By Karthik Parimal
It’s astonishing to see the kind of attention a triangular Twenty20 (T20) tournament involving Zimbabwe, South Africa and Bangladesh has garnered. It’s also a pleasant surprise to see a young, spirited Zimbabwean unit upstage two well-established sides albeit in the shortest format of the game. Despite not having played enough cricket in the past few months, it’s heartwarming to see Zimbabwe triumph in a resounding manner. Keeping the upcoming T20 World Cup in mind, and looking at such performances coming from low-profile nations, one can’t help but get the feeling that none of the teams can be taken lightly in this format of the game.
In spite of fielding a depleted side for this tournament, the South Africans were surely considered to be a force to reckon with, especially with players the likes of Hashim Amla, Francois du Plessis, Richard Levi and Albie Morkel in the side. One expected them to have it easy against Zimbabwe and Bangladesh; but that was not to be. All three teams were equal in terms of points at the end of the league stages, and the final was played between the two teams having a relatively better Net Run Rate. Such is the competition in this format. No team is a favourite.
Zimbabwe was the better side for a major part of this tournament and there is no denying that fact. The top two leading run-scorers and the bowler with maximum wickets overall were all Zimbabweans. Hamilton Masakadza and Brendan Taylor scored 267 and 163 runs respectively at an average of 66.75 and 40.75, whereas Christopher Mpofu was the highest-wicket taker alongside South Africa’s Wayne Parnell with seven wickets in five matches at an average of 16.14 to his name. It was enthralling to watch them coast to a nine-wicket victory over South African in the final.
The Bangladeshis too performed fairly well, despite the absence of ace all-rounder Shakib Al Hasan. Their loss to Zimbabwe was a shocker, but they did well to resurge and upset the South Africans. It’s good that relatively weaker sides too can stage an upset in this format of the game, and now that many sides have got a hang of this format, the upcoming T20 World Cup is going to be an interesting one. No team is a clear-cut favourite to win this trophy and it will come down to how the resources will be marshalled according to the situation.
Also, the fact that the Zimbabweans have trounced the South Africans in this tournament will go a long way in boosting the former’s confidence during the T20 World Cup. Both these sides feature in the same group during the upcoming World Cup, and the Zimbabweans should feel that they’ve got every chance of making it to the Super Eights after this performance. The Bangladeshis, too, who are placed alongside Pakistan and New Zealand in the group, must fancy themselves considering the fact that they will be playing in familiar sub-continent conditions, and unlike New Zealand, they’ve played far more T20 cricket in the past few months.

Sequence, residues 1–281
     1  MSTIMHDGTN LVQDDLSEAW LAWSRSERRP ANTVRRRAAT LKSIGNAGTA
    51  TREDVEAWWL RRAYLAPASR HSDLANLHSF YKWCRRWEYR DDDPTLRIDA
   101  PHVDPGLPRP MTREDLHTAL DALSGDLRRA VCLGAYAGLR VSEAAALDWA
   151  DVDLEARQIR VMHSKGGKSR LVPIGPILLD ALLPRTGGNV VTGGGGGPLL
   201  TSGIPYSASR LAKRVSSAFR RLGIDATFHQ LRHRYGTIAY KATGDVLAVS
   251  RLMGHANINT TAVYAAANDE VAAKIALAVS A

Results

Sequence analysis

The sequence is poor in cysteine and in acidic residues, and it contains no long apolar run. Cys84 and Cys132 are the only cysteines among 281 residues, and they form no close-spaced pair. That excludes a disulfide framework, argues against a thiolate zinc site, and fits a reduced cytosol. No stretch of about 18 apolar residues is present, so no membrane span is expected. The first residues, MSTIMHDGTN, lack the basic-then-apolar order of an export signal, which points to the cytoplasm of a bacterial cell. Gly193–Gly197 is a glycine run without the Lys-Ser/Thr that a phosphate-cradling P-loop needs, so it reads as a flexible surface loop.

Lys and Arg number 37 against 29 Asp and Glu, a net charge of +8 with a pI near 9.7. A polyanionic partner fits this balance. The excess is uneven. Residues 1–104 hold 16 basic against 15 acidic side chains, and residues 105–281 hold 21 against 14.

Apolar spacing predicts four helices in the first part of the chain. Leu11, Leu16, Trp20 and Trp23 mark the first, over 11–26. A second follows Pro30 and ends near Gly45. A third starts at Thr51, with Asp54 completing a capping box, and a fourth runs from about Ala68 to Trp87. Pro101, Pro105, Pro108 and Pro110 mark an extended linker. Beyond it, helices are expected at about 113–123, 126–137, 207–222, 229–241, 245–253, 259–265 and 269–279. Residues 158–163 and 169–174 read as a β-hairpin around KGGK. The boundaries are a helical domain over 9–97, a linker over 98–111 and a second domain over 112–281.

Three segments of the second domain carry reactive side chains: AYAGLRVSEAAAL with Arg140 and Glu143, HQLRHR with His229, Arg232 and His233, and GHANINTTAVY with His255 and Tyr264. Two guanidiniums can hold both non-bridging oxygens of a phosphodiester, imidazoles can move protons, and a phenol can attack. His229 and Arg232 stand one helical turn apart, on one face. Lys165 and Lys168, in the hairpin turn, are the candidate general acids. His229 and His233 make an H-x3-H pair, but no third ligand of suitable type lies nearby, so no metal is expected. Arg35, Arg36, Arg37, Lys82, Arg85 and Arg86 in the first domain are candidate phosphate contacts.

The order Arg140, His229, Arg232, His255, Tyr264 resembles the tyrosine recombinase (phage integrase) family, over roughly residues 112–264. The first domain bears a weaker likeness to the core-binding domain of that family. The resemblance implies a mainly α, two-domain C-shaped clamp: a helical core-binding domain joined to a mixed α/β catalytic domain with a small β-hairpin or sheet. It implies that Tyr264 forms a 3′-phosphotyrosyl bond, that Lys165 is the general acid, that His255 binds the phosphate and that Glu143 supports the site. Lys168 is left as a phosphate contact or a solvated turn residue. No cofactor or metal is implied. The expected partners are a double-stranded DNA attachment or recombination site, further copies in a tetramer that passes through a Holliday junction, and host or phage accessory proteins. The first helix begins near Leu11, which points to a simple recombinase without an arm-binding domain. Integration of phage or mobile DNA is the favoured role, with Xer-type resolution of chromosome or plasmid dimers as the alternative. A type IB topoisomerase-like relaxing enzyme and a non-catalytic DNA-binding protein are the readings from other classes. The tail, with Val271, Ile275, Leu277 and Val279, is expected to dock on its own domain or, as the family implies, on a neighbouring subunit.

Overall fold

Both Zimbabwe and Bangladesh have shown tremendous promise since the past few months and have been delivering on a sporadic basis. West Indies is another team that looks extremely strong on paper but fails to perform when it matters most. They’ve been advancing steadily but cannot seem to get the ball rolling consistently. Even during Sunday’s only T20 against World No.1 England, West Indies just couldn’t finish the job with the ball despite putting up a handsome batting performance. Make no mistake, they’ve got effective bowlers who can restrict quite a few oppositions, but they just don’t seem to click together as a unit yet. A lot was expected from mystery spinner Sunil Narine during the series against England, but it appeared as though he couldn’t get a foothold. It would be ridiculous to right him off just yet, but it’s important that he performs for the West Indies since a lot will depend on him in the days ahead.
Nevertheless, the T20 format provides a great opportunity for lesser teams to make their mark on the international stage, and the forthcoming T20 World Cup is the one in which teams like Zimbabwe, Bangladesh and the West Indies should look to carve a niche for themselves. Zimbabwe have shown that they can give top teams a run for their money, Bangladesh have been on an ascendancy since the past few months and the West Indies can pack a punch as well. A lot of West Indian players have played in the IPL, and that experience must be used to the fullest during the T20 World Cup that will be held in Sri Lanka during September. These teams cannot be taken lightly.
(If cricket is a religion and has many devotees, Karthik Parimal would be a primary worshipper. His zeal for writing and love for the sport of cricket is what has brought him here. Karthik can also be followed on Twitter)